Does vinegar kill weeds?
No! Vinegar doesn't really kill weeds - yes, you heard that right here, vinegar is a poor weed killer.
Vinegar is great on chips and elevates a packet of crisps to god tier but let me be straight with you - it can be used as a weed killer but it isn't very effective.
The active ingredient in vinegar that kills weeds is acetic acid, not all vinegars are equally effective at killing weeds. To be effective, the vinegar must have a high concentration of acetic acid, typically above 10% and in some cases even 20%.
Regular household vinegar, which is usually only 5% acetic acid, may temporarily wilt weeds but will not kill them permanently : they'll simply regrow.
Do I need special vinegar?
Using less weed killer in our daily lives is commendable and should be encouraged but regular vinegar is a poor weed killer, it will simply stun the weeds.
Many enterprising companies are now selling "agricultural vinegar" which contains higher amounts of acetic acid (often 20%+) this isn't vinegar, it's just another commercial weed killer.
Acetic acid can damage eyes, it's harmful to insects and it's not a very good weed killer: it simply burns away the visible part of the plant, leaving the roots intact.
It is not effective against deep rooted weeds like Brambles, Ivy, Nettles or Bamboo.
How does it work?
Acetic acid burns away the parts of the weeds you apply it to.
Is it safe to use vinegar as a weed killer?
If your using regular ole vinegar you would put on your chips then yes it is 100% safe to use distilled or malt vinegar as a weed killer - it may not be very effective but it will be safe.
Agricultural vinegar with a higher concentration of acetic acid is much more toxic than regular vinegar. Infact in one study it took less acetic acid to kill rats than it did Glyphosate (the worlds most popular weed killer) - if you decide to use agricultural vinegar then be sure to read the label.
Benefits of vinegar vs commercial weed killers?
- It's relatively cheap and readily available.
- Can work very quickly, sometimes taking as little as couple of hours to eliminate small weeds.
- Once sprayed it isn't likely to be harmful to the environment, your pets or your children.
- Damages most kinds of weeds.
- No need to exclude kids or pets from the area.
- Can be used in areas with edible crops.
What are the disadvantages of using vinegar?
- Higher acidity means much more danger.
- May not kill the weeds, just stuns them
- Isn't as effective as commercial weed killers.
- Cannot be used on lawns.
- Lower acidity vinegars may not work at all.
- Can affect soil PH if over sprayed.
How to use vinegar as a weed killer:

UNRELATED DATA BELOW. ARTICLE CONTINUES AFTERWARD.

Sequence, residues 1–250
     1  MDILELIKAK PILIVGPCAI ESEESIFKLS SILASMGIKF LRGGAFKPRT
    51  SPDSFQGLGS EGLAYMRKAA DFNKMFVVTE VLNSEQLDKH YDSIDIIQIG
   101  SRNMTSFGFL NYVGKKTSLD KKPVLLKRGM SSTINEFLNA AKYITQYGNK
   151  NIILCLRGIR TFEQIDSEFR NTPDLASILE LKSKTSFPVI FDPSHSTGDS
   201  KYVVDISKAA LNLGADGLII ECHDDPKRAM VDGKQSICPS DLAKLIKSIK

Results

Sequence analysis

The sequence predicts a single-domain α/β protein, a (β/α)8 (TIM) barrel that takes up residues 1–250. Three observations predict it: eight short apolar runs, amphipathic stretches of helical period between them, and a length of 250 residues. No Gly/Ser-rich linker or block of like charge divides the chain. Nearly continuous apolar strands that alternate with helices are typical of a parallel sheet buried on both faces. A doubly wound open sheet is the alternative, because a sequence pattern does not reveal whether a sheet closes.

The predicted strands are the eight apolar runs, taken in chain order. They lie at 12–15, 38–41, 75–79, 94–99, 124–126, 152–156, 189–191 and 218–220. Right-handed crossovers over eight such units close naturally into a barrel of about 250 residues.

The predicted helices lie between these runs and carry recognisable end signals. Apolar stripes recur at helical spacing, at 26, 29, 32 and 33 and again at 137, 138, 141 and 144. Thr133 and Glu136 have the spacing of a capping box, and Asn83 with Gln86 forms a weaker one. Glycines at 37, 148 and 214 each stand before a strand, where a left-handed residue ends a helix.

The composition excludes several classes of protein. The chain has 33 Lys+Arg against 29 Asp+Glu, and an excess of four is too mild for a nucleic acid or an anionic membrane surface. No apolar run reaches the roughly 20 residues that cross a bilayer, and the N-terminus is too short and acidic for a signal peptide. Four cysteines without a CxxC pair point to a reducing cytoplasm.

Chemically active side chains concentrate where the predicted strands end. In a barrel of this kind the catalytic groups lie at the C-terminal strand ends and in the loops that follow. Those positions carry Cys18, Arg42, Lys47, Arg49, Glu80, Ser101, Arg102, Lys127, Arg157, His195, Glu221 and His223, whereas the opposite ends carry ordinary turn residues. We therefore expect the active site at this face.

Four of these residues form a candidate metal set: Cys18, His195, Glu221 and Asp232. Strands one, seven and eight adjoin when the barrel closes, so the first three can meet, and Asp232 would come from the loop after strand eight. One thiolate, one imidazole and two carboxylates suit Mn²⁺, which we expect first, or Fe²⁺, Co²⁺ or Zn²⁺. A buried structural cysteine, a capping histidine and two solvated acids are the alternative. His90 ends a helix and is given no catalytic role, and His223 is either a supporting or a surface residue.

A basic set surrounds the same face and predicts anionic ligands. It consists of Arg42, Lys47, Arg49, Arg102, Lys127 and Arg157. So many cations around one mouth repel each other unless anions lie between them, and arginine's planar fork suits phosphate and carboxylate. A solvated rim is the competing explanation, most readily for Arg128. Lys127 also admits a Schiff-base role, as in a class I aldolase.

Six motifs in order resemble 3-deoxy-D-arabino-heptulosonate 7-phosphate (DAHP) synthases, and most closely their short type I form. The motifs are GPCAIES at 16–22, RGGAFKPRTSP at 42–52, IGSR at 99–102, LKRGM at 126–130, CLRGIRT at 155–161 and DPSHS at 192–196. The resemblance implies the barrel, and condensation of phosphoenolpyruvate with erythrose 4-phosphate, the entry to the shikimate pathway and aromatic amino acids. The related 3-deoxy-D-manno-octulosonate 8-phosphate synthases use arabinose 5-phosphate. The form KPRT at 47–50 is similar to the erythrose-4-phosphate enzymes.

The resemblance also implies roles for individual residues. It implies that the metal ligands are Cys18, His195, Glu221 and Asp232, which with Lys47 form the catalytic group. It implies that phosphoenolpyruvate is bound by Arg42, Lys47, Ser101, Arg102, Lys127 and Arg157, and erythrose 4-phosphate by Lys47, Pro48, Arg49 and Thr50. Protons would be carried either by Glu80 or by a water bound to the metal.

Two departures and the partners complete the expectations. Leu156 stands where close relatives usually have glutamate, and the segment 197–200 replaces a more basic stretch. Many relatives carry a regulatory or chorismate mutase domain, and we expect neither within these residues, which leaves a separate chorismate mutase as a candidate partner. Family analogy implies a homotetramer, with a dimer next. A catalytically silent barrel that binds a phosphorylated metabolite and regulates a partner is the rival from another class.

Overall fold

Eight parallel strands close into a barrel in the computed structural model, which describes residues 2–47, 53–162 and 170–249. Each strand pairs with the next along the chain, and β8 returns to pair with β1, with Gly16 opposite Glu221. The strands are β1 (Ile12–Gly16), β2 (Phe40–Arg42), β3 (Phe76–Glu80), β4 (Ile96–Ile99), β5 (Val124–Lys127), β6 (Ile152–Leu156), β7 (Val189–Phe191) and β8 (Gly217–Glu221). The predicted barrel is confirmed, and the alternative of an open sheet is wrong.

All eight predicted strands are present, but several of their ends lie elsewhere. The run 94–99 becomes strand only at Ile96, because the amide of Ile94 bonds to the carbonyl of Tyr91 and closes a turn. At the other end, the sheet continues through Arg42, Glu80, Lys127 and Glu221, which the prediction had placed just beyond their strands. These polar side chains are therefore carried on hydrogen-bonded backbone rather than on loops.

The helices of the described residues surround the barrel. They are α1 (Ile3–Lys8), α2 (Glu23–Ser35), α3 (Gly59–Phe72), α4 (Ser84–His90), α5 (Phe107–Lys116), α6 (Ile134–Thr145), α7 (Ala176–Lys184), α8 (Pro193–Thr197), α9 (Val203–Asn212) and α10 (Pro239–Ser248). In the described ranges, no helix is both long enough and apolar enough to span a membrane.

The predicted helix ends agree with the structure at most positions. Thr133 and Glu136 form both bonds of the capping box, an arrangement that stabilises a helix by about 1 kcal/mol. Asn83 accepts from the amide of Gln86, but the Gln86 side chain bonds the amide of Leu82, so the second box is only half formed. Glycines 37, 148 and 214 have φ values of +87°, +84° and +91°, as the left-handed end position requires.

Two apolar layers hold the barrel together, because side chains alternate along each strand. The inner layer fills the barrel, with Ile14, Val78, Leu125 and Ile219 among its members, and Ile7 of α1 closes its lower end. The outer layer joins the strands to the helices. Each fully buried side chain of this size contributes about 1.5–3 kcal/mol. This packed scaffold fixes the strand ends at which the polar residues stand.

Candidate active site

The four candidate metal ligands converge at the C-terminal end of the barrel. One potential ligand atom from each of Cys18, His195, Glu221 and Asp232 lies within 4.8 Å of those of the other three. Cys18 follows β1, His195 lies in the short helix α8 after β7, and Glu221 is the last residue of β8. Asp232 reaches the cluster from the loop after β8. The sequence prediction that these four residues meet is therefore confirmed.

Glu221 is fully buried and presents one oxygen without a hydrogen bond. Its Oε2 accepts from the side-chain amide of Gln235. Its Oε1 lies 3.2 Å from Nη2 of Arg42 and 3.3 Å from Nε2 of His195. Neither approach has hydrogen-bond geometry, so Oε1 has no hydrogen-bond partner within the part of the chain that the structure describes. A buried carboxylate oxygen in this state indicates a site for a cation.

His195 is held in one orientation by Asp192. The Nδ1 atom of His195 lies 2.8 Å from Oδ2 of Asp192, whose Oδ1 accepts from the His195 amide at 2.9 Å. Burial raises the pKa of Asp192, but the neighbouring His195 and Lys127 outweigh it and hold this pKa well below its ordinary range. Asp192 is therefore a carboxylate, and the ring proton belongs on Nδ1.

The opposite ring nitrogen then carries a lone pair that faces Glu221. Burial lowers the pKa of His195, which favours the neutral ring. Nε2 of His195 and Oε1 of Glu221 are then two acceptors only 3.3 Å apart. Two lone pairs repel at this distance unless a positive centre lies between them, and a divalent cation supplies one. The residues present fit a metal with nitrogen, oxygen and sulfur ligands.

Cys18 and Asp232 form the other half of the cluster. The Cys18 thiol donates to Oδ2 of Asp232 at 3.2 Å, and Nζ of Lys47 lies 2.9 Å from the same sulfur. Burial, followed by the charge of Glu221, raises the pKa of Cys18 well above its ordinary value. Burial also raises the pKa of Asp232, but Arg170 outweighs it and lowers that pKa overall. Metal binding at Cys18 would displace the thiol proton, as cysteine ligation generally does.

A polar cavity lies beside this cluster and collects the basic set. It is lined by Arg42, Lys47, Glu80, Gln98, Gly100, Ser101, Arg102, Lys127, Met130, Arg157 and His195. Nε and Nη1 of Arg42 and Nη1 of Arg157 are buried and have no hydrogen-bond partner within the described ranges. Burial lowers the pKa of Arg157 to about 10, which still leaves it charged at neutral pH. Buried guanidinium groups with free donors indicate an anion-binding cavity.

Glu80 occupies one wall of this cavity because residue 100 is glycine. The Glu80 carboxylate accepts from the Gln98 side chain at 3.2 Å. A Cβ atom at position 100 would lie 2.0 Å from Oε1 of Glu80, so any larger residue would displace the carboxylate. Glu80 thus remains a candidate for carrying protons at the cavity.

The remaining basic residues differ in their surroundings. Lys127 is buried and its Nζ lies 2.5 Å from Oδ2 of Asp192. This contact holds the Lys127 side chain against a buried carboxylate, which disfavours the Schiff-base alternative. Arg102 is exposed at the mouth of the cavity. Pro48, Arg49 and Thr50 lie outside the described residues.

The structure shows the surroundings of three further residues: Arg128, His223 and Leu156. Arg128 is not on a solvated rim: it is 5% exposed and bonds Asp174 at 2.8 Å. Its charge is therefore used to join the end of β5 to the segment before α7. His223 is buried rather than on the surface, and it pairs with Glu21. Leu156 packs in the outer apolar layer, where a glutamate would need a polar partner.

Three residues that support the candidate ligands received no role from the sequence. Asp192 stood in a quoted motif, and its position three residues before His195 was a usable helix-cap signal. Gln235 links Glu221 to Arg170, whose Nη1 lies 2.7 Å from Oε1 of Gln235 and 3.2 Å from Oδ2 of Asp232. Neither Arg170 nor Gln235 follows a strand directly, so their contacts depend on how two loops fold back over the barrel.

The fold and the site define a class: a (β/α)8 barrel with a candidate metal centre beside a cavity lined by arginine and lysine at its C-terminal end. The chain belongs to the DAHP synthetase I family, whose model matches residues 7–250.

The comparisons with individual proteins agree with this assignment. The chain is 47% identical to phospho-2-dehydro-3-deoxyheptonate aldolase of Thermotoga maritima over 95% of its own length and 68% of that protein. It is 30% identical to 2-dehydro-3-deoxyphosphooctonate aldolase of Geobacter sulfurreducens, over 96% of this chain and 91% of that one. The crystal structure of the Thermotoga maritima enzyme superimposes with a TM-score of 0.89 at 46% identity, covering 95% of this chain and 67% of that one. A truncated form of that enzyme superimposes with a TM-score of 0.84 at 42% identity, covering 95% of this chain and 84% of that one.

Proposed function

There is no need to dilute vinegar, it's already in liquid form which makes it easy for the plant to absorb. Diluting it will only decrease the effectiveness.
Pour it on or spray it on undiluted:
Simply spray it onto the weed covering the leaves & stems.
Be careful not to get any on any plants you wish to keep and don't allow the vinegar to seep into the soil if you plan on replanting after killing the weed.
Do not use vinegar to kill weeds in grass unless you want to kill your grass forever.
If your using agricultural vinegar please read the label and follow the instructions for safe use.
How effective is it?
I know you have probably heard all over the internet that vinegar is an effective weed killer but it isn't. The 20-30% acetic acid "agricultural vinegar" can be used to kill weeds but it needs to be used more often than a regular weed killer such as Glyphosate.
Regular vinegar you buy from almost every shop is not very effective, it may stun or weaken some small grassy weeds but they will recover.
Agricultural vinegar is a contact killer, for the most part it will only kill the parts of the weed it touches. It won't travel through the plant and kill the roots like most commercial weed killers.
Neither type of vinegar will kill deep rooted perennials like Dandelions, Brambles etc.
Don't believe us? As you can see in the pictures above, we applied a whole bottle of distilled vinegar to a small amount of weeds, see the gallery below, the weeds have certainly weakened but they are still there after 10 days!
Vinegar isn't a very good weed killer. Distilled or malt vinegar will only stun your weeds and "agricultural vinegar" just burns away the visible part of weeds.
Vinegar can lower the PH of your soil making it more acidic and inhabitable for plant life, please don't overuse it.
On that note, if you're clearing an area of weeds and wish to plant something there like putting down grass seed then leave plenty of time between application and the start of seeding a new lawn, this will give your soil PH time to recover.
What are the alternatives?
Weed control is an emotive subject and many recommend against the use of commercial weed killers such as Glyphosate or a long lasting one.
In all cases it's better to take a pro active approach to stop weeds from growing in the first place.